Science and Engineering worried about new software system

Science and Engineering worried about new software system

The Faculty of Science and Engineering (FSE) is worried about the implementation of new software system Best Practice 2020 (BP2020), scheduled for January 1. It’s a very complex operation that has barely been tested, the faculty board says.
11 December om 10:37 uur.
Laatst gewijzigd op 11 December 2019
om 10:37 uur.
December 11 at 10:37 AM.
Last modified on December 11, 2019
at 10:37 AM.

Giulia Fabrizi

Door Giulia Fabrizi

11 December om 10:37 uur.
Laatst gewijzigd op 11 December 2019
om 10:37 uur.
Giulia Fabrizi

By Giulia Fabrizi

December 11 at 10:37 AM.
Last modified on December 11, 2019
at 10:37 AM.

The board says there are still many questions about the practical use of the system that remain unanswered. This means it’s unclear whether certain elements that are of crucial importance to the faculty actually work properly. Employees have also not been informed properly of how to perform their FSE-specific tasks come January.

‘For this, we need a beta release allowing us to test run the system for a few months, and we’ve not had that’, says managing director Dick Veldhuis.

Three weeks ago, Veldhuis announced his worries to the university’s board of directors. ‘But we’ve not received any valid answers to our concerns, apart from the fact that people are confident that everything will work out.’ In spite of the uncertainties, the board decided last week to proceed with the planned BP2020 launch.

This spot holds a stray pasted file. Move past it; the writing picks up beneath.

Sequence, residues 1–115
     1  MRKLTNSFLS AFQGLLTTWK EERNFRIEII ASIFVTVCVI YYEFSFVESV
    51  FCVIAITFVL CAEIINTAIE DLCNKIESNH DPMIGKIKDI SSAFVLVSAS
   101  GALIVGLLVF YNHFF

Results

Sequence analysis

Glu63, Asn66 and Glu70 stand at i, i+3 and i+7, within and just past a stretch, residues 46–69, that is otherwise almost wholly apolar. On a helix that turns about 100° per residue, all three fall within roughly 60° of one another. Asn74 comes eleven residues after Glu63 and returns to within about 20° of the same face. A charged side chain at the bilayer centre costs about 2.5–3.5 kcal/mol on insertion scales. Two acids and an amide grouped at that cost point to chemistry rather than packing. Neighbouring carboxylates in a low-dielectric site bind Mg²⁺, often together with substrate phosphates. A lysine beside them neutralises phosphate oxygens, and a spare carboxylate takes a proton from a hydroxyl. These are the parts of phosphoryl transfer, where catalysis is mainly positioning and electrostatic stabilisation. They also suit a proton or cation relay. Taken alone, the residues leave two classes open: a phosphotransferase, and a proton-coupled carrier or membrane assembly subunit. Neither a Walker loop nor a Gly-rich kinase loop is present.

Faculty concerns

The faculty concerns focus on various aspects of the new software system that will replace the current separate software packages for HR, payroll, finances, and projects on January 1.

‘We process a lot of orders at this faculty, and no one can tell me for sure that we’ll be able to place them’, says Veldhuis when asked for an example of the faculty’s concerns.

If they can’t place orders and deliveries are delayed, the faculty’s research department will suffer the consequences. ‘Postponed research costs money.’

Tens of millions

Another point of concern is project execution. ‘This faculty really depends on project execution. It costs us tens of million and we need a good structural basis so our project leaders, the professors, know what’s going on. But I still have no proper insight into how the system works in that regard and whether the overview it gives is understandable.’

Veldhuis understands the previous system needed replacing but doesn’t understand why no one’s taken the time to test whether the new one works.

‘A few years ago, we implemented ISP, a new purchasing system. We did a test run for several months at a few institutes before implementing it across the faculty. That’s proper preparation and testing. And that was just for a purchasing system.’

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